Charcutepalooza is a yearlong project I’m participating in to make recipes from Michael Ruhlman’s Charcuterie: The Craft of Salting, Smoking, and Curing. For more information, see my introductory post.
The recipe option that immediately jumped out at me from this month’s assignment was English Pork Pie. I mean, pork and pie—what’s not to love?
That third word, that’s what. Taking a closer look at the recipe, I found it to be, well, too English. Which is to say, bland. The pastry crust has no salt in it at all! The pork is seasoned with a little thyme and pepper and nothing else! No wonder British food has such a bad reputation.
So I went to Spain instead. Last time I made chorizo for Charcutepalooza, it was the spicier Mexican version. This time, I looked to Ruhlman’s Spanish-style chorizo recipe, which he uses to make a dry-cured sausage. Basically, it swaps various types of chile powder and cumin for smoked paprika, AKA pimentón, my most favoritest spice.
I love pimentón and its amazing smoky flavor so much, I also incorporated it into the pastry dough, just like I do in my greens pie. It gives the finished product a gorgeous golden color, as well as a nice subtle flavor that matches the chorizo filling very well.
Just beware; this is not in any universe a light or fresh-tasting recipe. It’s heavy, a little greasy, a bit spicy, and excellent. You’re going to want to eat more than one empanada in a sitting. This is a bad idea. You should probably serve these with a salad, one topped with a vinegary dressing. Nadria found this theoretically Spanish salad from a restaurant at Disneyland, which was tasty if rather labor-intensive and not particularly Spanish. (The recipe is quite adaptable: In order to use what we had on hand, we subbed rice wine vinegar, cheddar cheese, pears, and a mixture of pistachios and pecans.)
You could also make lots of tiny empanadas—15 to 20 instead of the six in the recipe—for an elegant New Years’ Eve-type appetizer. But don’t serve ’em cold. That’s much too English.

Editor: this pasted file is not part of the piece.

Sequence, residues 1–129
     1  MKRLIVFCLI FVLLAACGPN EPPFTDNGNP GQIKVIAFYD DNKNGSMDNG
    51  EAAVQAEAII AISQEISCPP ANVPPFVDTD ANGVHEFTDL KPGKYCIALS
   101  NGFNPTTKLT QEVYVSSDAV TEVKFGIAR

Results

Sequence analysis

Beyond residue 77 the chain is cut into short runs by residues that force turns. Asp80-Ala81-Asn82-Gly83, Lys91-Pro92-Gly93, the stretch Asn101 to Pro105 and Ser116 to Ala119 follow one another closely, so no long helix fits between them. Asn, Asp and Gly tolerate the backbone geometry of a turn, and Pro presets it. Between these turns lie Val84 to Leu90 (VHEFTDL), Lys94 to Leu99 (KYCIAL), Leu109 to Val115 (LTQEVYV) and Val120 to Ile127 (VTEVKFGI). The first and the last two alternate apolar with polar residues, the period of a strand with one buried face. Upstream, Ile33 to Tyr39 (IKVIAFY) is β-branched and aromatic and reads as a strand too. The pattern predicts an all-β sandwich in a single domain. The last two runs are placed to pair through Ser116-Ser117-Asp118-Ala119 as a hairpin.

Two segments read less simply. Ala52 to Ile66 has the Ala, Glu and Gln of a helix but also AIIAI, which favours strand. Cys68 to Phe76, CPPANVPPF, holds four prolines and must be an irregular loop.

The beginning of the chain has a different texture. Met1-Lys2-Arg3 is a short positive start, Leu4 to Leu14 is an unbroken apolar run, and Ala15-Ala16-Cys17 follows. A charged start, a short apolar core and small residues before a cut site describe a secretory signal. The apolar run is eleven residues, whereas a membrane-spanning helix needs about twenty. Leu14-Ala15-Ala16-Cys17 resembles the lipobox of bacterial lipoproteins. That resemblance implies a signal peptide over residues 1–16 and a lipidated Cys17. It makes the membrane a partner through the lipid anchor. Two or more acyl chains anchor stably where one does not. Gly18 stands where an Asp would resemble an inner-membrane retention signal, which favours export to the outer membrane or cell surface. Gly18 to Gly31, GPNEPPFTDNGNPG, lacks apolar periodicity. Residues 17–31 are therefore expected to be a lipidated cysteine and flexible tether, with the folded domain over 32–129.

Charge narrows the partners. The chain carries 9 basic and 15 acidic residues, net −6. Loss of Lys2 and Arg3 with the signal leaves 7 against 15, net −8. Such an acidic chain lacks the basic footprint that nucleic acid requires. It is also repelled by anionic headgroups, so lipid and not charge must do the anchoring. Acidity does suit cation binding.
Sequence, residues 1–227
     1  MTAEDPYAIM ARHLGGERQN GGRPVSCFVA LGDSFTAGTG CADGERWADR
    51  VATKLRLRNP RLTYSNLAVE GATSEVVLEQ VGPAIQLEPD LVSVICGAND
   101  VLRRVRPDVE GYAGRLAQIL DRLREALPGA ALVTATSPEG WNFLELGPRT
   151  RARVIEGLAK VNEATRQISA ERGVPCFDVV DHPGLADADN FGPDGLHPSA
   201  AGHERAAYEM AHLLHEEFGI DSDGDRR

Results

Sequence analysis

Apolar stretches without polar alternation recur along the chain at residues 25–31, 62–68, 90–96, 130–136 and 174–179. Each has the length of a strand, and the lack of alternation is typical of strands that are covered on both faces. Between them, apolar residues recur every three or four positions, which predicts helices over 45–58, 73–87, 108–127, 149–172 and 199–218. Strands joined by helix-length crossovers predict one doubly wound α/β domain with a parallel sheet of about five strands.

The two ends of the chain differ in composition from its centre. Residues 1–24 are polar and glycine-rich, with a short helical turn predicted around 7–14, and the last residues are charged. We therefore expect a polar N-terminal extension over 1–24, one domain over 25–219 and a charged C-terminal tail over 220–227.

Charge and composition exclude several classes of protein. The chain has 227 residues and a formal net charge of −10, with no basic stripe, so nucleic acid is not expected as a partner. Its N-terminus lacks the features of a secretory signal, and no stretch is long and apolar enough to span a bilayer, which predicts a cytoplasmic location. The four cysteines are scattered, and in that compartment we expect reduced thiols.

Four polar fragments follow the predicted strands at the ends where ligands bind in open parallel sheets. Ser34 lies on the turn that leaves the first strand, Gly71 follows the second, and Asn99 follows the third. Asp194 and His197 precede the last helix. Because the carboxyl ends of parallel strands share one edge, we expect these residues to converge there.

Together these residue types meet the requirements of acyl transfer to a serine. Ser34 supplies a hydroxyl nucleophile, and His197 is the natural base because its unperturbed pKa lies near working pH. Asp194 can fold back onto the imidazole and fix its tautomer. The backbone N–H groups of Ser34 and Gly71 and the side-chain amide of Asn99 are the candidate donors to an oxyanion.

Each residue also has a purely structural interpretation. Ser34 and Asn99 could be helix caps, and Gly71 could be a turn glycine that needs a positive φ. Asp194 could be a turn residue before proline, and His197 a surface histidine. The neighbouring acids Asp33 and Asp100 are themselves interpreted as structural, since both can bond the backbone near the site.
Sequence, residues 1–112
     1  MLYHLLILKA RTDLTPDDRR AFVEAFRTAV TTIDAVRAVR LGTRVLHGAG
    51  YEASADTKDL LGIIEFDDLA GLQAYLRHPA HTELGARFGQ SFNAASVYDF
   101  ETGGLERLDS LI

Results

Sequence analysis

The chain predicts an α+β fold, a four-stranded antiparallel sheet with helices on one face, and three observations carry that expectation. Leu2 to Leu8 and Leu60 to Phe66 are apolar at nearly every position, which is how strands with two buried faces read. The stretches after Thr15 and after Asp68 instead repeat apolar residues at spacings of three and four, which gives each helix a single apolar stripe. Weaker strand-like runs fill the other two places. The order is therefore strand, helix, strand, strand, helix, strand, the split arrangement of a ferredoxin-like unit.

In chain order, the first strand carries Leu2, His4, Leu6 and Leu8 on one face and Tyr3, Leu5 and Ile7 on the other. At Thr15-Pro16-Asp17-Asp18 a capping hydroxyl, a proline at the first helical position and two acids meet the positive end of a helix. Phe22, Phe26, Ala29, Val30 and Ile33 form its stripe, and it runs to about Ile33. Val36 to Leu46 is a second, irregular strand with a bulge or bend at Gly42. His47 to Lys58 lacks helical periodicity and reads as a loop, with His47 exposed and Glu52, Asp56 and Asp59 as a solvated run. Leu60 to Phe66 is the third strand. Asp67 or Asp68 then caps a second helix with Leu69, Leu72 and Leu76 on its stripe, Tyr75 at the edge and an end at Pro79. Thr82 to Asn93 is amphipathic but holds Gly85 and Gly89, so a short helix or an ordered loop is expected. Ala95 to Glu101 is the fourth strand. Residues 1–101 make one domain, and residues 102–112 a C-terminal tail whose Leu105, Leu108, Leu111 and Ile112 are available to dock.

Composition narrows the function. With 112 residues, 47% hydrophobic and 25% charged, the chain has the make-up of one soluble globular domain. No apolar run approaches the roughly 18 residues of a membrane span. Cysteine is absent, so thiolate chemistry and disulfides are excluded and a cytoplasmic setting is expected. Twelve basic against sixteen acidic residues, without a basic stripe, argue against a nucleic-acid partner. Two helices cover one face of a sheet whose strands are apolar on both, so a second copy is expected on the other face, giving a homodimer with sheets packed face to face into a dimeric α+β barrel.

Empanadas de Chorizo
8 oz. all-purpose flour
1 1/2 tsp. salt
2 tsp. smoked paprika
4 oz. (1 stick) cold butter, cut into pieces
4 oz. cold lard, cut into pieces
1 tsp. milk
1/2 small onion, finely chopped
2 garlic cloves, finely chopped, divided
12 oz. pork shoulder, cut into 1/2-inch cubes
1 1/2 tsp. salt
2 tsp. smoked paprika
2 tsp. chile powder
1/4 to 1/2 tsp. cayenne pepper
1/4 cup chicken stock
Make the dough: Stir together the flour, salt, and smoked paprika in a medium bowl. Rub the butter and lard into the flour mixture with your fingers until the mixture resembles coarse meal. Beat the egg in a measuring cup, pour half of it into a small bowl, and set aside. Add enough water to the measuring cup to make 1/2 cup and stir to combine. Add the egg-and-water mixture to the flour mixture and stir until the dough just comes together. Shape into a disc, wrap with plastic wrap, and refrigerate for at least 1 hour. Stir the milk into the reserved half of an egg and refrigerate.
Make the filling: Heat a small pan over medium heat. Add the onion, 1 garlic clove, and a small amount of oil. Cook until the onion is soft but not browned, about 4 minutes. Scrape into a small bowl and refrigerate until cold. Combine the remaining garlic clove, pork, salt, smoked paprika, chile powder, and cayenne pepper in a small bowl. Grind the mixture through the small plate into the bowl of an electric mixer. Add the cooked onion mixture and mix on low speed with the paddle attachment for about 1 minute. Add the chicken stock and mix until combined, about 1 minute more. Cover and refrigerate until very cold, at least 1 hour.
Preheat the oven to 425°. Divide the chilled dough into 6 equal pieces and roll each out on a well-floured surface into a rough circle 5 to 6 inches in diameter. Spoon one-sixth of the meat mixture (about 2.5 oz.) onto one half of each dough round and shape into a crescent shape, leaving about 1/2-inch border. Fold the dough rounds in half over the filling and crimp the edges to seal. Place the empanadas on a baking sheet lined with a Silpat or parchment paper. (At this point, you can refrigerate the empanadas for an hour or two—this will help keep the fat in the dough from leaking out during baking.) Brush the empanadas all over with the egg-milk mixture and cut three small slashes in the top of each one. Bake for 15 minutes, reduce the oven temperature to 325°, and bake until the filling reaches an internal temperature of 165°, about 15 minutes more.